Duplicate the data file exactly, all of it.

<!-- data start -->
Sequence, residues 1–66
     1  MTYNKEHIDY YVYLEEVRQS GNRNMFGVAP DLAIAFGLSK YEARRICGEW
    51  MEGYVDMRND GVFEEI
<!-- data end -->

Sequence, residues 1–66
     1  MTYNKEHIDY YVYLEEVRQS GNRNMFGVAP DLAIAFGLSK YEARRICGEW
    51  MEGYVDMRND GVFEEI